Monday, April 27, 2020

A mandatory bonding service program and its effects on the perspectives of young doctors in Nepal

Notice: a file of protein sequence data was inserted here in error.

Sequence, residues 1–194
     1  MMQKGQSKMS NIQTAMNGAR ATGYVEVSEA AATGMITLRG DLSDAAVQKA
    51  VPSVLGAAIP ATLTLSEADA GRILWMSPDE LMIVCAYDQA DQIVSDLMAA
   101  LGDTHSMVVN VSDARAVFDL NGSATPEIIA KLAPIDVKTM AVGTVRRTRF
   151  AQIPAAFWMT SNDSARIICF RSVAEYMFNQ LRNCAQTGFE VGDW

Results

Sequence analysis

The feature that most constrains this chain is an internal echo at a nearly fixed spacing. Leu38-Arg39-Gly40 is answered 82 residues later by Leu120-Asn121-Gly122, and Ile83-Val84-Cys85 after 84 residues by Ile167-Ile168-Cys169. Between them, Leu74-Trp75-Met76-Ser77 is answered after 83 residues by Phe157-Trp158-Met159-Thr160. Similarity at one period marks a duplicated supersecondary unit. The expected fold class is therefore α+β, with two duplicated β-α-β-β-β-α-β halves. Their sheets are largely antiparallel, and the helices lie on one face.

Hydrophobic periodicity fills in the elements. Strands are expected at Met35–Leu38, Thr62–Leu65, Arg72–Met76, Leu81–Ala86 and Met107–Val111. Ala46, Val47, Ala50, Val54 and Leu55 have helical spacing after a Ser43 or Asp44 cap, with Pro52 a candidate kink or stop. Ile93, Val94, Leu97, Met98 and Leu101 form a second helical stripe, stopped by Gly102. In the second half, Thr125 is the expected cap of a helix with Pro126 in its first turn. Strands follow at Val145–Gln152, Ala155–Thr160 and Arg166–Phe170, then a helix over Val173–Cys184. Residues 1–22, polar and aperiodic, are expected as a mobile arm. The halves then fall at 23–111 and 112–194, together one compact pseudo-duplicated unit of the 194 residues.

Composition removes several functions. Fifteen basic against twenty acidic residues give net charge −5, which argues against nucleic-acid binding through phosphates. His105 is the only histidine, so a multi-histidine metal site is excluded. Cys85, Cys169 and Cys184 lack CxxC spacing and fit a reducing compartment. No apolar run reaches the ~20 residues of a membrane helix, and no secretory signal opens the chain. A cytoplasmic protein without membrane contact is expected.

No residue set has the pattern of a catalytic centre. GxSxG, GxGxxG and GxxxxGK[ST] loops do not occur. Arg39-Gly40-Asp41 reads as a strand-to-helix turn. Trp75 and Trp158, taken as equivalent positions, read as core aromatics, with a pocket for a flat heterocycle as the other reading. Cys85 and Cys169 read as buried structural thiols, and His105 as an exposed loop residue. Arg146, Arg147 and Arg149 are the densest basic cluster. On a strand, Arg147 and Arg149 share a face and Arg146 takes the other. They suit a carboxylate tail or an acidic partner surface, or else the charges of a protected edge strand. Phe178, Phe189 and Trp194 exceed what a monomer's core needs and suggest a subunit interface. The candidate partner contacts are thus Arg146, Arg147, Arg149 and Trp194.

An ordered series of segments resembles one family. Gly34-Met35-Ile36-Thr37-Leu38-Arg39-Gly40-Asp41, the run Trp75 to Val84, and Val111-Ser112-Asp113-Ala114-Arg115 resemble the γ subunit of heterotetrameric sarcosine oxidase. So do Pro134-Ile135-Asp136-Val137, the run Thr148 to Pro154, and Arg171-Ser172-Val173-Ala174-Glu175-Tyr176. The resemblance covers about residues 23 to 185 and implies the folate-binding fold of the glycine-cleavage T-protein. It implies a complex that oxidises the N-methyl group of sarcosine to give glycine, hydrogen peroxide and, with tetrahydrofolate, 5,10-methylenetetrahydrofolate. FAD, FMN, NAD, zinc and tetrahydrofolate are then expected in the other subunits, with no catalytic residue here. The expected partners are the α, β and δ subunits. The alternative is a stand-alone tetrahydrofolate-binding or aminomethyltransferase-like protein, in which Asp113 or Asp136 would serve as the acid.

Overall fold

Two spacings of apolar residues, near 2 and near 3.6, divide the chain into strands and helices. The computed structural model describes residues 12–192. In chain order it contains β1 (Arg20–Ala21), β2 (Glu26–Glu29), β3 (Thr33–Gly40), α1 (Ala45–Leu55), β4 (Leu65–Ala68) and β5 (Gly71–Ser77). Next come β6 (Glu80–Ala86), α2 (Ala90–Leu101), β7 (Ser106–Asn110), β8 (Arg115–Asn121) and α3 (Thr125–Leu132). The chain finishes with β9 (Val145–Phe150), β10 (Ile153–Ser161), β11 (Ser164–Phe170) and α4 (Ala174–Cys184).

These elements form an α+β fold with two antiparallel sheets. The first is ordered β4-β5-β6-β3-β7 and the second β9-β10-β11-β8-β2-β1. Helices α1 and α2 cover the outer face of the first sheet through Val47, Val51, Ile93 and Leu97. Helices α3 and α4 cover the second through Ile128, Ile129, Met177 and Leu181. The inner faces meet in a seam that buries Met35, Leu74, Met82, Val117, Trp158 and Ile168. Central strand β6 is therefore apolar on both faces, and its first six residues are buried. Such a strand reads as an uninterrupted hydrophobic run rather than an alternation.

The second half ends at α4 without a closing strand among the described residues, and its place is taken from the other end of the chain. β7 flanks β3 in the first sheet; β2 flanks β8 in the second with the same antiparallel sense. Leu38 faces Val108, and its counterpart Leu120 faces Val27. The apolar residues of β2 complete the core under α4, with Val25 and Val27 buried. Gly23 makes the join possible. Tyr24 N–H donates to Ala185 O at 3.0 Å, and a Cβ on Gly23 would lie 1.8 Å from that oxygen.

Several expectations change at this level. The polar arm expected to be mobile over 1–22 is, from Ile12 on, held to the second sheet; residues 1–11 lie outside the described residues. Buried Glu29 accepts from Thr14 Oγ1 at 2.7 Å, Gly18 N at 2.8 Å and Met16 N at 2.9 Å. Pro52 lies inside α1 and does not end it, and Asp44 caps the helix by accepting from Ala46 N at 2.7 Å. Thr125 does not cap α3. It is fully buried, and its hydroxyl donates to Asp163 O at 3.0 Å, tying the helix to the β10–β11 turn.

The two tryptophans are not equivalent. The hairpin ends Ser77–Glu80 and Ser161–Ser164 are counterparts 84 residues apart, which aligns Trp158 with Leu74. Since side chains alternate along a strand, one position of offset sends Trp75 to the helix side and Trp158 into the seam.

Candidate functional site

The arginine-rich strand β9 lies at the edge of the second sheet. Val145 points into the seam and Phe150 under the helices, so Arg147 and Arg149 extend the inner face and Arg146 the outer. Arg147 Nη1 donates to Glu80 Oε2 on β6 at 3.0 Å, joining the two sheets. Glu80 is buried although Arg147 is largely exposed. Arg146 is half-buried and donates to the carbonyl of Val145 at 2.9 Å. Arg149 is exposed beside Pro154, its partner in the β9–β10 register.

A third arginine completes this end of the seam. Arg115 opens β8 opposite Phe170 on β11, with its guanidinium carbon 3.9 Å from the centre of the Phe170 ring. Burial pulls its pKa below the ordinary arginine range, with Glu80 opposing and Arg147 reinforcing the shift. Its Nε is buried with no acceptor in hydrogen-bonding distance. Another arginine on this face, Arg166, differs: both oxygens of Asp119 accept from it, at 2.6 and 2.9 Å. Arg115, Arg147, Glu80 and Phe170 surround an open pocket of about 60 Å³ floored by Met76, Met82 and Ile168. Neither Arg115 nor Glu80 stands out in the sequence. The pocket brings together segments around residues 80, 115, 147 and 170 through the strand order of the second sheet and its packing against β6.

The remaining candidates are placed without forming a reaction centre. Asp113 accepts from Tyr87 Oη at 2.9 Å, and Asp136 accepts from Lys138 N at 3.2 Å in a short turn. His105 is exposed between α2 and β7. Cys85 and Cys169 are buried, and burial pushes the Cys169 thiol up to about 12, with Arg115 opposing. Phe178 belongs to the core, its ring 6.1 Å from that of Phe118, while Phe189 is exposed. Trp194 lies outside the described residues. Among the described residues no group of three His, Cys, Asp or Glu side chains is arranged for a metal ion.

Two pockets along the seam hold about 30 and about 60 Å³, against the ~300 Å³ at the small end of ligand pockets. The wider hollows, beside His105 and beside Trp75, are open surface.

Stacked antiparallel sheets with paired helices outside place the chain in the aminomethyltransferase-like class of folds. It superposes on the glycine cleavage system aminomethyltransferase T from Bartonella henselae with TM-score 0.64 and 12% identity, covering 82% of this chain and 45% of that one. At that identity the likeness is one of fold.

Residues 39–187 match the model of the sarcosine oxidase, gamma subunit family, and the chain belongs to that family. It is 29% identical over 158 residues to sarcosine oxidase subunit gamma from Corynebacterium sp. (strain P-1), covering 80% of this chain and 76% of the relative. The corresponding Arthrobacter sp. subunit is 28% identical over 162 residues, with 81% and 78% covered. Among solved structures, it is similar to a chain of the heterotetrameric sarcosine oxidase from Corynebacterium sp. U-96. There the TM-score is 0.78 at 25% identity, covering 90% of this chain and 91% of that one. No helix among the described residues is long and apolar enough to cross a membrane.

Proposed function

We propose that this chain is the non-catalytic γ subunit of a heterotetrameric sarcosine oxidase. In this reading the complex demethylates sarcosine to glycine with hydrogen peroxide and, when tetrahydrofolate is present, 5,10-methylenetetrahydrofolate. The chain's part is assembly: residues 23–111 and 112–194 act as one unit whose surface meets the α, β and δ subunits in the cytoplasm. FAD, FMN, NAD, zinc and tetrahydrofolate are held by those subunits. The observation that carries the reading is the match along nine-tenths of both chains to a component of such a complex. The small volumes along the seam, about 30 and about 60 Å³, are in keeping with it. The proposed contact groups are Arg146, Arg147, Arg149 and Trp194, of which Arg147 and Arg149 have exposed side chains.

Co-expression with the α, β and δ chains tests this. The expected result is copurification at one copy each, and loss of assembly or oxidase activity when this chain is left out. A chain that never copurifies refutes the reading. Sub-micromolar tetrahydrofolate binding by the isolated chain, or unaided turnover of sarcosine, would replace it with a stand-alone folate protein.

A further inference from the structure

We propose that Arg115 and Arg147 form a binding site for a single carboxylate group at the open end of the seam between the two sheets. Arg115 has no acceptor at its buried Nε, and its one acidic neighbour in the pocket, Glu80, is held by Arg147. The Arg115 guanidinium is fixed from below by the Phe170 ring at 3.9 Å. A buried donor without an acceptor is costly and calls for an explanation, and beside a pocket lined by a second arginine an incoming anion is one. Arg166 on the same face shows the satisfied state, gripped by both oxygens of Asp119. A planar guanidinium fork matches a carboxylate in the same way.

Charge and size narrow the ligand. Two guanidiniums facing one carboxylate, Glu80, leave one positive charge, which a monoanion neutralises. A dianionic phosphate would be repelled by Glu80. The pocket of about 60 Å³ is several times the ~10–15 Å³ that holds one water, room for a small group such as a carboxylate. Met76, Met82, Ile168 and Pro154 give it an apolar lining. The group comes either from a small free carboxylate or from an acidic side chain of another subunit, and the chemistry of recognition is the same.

Introduction: To address regional differences in the distribution of health workers between rural and urban areas, the Nepal government has adopted the policy of deploying fresh medical graduates to remote areas for 2 years under a compulsory bonding service program. However, the impact of such an approach of redistribution of human resources for health is not well understood, nor is the experience of the health workers who are deployed. This study aimed to understand the experience of the medical graduates who have served under the bonding service program and suggest ways to improve the program as well as to make health service provision easier through the young doctors. Methods: A semi-structured questionnaire-based survey was administered online to 69 young medical doctors who had worked under the bonding service program. The responses were analysed qualitatively and the findings were presented in separate pre-established domains. Results: Most young doctors felt they were not adequately prepared for the bonding service program. Adapting to the deployed place and to the local culture was a challenge to some young doctors, which hindered their potential to serve the local community. Most found the response from the rural communities to be positive even though they faced some challenges in the beginning. While the young doctors found serving the rural communities motivating, they felt that they were limited in their capacity to provide an optimal level of health service due to limitations of infrastructure and medical equipment. They also felt that the compulsory bonding program had stunted their growth potential as medical doctors without adequately compensating them for their time and service. Conclusion: Despite the program's noble intentions, the medical doctors who were involved with the bonding service program felt that the program had yet to address several basic needs of the doctors who were deployed for service provision. In order to motivate the doctors to work in rural areas in future after the compulsory binding has ended, the stakeholders need to address the existing gaps in policies and infrastructure.

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